Even with the scores of sexist advertising out there, I was seriously disturbed to come across a series of ads using depictions of domestic violence to promote an Edmonton salon.
From the Edmonton Sun:
Fluid Salon, located near Whyte Avenue, launched the ad series “Look good in all you do” more than one year ago.
But on Monday, the series took a public lashing from local social media users after a New York advertising copywriter featured one of the ads – depicting apparent domestic violence – in a blog.
“I was appalled,” Kasia Gawlak said in an interview. She’s a blogger who saw the ad Monday morning. “It’s like saying ‘at least you have good looking hair when your boyfriend abuses you.’ The women who have been abused with real pain, heartbreak and suffering – it’s not something that should be trivialized to sell a hair salon.”
It’s disgusting, to say the least, to imply that a woman who was being beaten by her male partner would feel better knowing at least her hair looked good.
Unfortunately, it’s not even just the one ad. Another in the series of the “Look good in all you do” shows a woman wearing tights and a bra while smoking a cigarette sitting on a dirty mattress in an alley (implying she’s a prostitute). If you look closely, it gets even worse. On their Facebook page, someone pointed out another ad showing a woman’s being dragged from a hearse by her legs features the “corpse” wearing the same shoes as the woman in the alley ad. Yes, That Jill also found a picture of them doing the woman model’s makeup for the first ad, with the caption: “hottest battered woman I’ve ever laid my eyes upon.”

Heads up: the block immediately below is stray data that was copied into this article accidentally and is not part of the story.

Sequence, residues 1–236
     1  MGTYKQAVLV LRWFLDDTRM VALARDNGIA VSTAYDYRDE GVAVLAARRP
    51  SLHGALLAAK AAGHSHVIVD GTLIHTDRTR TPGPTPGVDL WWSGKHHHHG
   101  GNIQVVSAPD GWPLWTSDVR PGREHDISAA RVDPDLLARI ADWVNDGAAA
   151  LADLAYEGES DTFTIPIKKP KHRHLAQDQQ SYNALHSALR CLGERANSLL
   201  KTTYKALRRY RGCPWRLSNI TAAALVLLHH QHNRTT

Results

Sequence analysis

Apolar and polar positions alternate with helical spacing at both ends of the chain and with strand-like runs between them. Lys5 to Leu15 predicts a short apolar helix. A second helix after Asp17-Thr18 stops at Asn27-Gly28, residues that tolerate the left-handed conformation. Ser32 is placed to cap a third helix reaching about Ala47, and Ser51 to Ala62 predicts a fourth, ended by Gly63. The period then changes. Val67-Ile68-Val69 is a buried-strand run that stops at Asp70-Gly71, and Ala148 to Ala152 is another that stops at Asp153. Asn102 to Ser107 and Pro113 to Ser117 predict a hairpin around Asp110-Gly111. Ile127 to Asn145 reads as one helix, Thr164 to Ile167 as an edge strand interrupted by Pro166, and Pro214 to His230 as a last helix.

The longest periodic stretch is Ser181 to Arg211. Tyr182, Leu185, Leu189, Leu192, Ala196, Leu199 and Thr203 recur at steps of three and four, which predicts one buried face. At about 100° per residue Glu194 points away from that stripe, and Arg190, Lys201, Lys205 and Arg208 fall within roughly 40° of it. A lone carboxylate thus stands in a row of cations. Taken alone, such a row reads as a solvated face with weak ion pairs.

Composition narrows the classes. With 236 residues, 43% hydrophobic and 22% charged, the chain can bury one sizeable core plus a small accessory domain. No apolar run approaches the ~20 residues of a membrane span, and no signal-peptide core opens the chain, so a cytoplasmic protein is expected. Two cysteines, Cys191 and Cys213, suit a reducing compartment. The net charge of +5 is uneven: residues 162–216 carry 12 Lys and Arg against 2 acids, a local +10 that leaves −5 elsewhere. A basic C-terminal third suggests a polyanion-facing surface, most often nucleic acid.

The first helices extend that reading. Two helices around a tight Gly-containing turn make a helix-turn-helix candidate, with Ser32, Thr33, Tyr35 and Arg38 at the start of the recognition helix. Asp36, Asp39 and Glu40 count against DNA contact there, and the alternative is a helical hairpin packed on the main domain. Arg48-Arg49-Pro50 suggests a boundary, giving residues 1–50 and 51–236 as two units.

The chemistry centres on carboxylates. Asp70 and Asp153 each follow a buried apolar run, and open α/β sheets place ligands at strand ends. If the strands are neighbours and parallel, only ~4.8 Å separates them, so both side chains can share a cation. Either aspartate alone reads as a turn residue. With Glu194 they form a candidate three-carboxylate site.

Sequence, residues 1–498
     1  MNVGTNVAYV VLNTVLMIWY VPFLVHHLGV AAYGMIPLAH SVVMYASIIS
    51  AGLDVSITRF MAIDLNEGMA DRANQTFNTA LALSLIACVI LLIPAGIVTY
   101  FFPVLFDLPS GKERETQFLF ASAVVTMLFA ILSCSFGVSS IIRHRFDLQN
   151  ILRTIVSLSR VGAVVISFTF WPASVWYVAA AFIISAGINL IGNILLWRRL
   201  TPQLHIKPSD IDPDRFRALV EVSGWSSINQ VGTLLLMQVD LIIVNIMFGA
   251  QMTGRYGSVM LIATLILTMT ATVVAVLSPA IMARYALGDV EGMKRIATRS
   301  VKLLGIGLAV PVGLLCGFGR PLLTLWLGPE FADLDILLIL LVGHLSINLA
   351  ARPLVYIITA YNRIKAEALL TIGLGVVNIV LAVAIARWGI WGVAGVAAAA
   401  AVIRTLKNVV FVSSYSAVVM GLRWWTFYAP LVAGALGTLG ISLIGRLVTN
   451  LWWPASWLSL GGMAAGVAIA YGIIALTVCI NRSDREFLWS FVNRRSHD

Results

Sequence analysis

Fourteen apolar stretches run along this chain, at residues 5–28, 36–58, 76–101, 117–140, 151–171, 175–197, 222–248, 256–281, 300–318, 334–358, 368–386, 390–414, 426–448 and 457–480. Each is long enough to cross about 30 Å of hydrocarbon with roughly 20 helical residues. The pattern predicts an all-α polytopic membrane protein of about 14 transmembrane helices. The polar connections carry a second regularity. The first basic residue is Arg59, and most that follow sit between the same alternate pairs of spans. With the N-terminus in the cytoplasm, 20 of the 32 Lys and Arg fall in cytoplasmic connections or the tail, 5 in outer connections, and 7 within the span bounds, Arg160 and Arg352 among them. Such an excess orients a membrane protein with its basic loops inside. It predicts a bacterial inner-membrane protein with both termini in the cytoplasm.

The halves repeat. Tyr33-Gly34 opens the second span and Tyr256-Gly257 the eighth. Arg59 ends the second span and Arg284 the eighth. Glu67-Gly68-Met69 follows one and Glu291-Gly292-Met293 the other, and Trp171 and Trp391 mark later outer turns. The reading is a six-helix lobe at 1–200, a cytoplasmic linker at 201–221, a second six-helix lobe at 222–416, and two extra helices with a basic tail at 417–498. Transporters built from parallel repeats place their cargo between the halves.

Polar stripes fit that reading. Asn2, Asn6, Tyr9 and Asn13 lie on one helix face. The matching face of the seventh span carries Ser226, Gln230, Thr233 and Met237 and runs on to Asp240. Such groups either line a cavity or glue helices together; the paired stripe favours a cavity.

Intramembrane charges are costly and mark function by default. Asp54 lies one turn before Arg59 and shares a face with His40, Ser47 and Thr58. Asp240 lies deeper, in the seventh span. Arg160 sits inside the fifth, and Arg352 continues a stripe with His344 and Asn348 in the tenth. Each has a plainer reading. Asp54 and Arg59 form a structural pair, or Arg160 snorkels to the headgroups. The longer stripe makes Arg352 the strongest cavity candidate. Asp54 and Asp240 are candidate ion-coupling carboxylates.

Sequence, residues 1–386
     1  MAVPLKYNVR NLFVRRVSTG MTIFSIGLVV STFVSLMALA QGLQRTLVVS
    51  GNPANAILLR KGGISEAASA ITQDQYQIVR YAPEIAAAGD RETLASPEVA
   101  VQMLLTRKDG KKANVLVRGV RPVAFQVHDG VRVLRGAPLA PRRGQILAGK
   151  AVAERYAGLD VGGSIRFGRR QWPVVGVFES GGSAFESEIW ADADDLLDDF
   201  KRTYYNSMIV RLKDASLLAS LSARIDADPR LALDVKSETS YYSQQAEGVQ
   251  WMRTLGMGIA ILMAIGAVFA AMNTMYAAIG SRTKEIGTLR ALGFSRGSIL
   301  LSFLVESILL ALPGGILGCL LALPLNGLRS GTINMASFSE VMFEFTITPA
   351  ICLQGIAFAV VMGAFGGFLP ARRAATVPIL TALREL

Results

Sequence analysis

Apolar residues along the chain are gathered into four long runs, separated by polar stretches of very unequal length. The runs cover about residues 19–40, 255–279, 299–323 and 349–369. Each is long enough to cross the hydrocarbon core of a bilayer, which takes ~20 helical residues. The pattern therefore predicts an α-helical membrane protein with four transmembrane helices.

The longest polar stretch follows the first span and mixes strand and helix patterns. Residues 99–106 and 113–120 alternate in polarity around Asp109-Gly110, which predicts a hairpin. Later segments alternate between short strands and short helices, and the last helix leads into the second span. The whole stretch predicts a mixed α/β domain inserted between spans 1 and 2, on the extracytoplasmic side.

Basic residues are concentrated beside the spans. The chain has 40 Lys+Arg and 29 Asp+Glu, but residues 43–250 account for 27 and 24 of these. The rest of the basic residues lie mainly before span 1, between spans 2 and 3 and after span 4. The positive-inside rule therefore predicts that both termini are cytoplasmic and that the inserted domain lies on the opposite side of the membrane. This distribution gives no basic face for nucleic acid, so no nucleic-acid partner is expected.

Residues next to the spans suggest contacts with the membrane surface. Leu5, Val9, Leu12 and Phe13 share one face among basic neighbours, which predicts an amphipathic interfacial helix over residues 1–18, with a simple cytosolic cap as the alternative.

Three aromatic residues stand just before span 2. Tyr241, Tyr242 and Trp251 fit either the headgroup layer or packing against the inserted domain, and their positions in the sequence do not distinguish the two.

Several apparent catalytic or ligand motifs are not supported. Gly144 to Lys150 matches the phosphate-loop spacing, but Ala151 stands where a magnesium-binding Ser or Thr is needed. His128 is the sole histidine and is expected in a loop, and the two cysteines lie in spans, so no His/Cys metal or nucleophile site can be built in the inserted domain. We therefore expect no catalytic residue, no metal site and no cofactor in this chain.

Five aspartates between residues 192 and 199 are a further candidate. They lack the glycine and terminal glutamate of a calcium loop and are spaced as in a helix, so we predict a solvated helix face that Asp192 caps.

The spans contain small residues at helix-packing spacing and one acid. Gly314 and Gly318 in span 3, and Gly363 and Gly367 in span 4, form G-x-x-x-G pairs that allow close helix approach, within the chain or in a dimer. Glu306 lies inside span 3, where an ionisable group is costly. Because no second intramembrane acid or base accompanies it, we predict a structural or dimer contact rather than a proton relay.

In their other campaigns there’s a racist ad for Brazilian blow-outs, featuring white women in pseudo-tribal makeup, and another ad showing a woman coated with oil and wearing feathers to promote a portion of hair cut proceeds going to oil spill relief. The women-as-animals in distress is a frequent tactic of other sexist ad offender PETA.
Fluid Hair owner Sarah Cameron, yet again proving that women can be their own gender’s worst enemies, says she sees no problem with the ads: “It might strike a chord, but as the way our society and community is getting, we keep tailoring everything because everyone is getting so sensitive…Anyone who has a connection or a story behind anything can be upset or have an opinion. We are not trying to attack anyone,” Cameron told the Sun.
Tell Cameron & Fluid that trivializing violence against women isn’t acceptable under any circumstances. You can post on the image gallery on Fluid’s Facebook page here: http://www.facebook.com/media/set/?set=a.10150395289750206.610405.713520205&type=1 or use the contact form on their site here: http://fluidhair.ca/?page_id=39. You can also complain to Advertising Standards Canada here.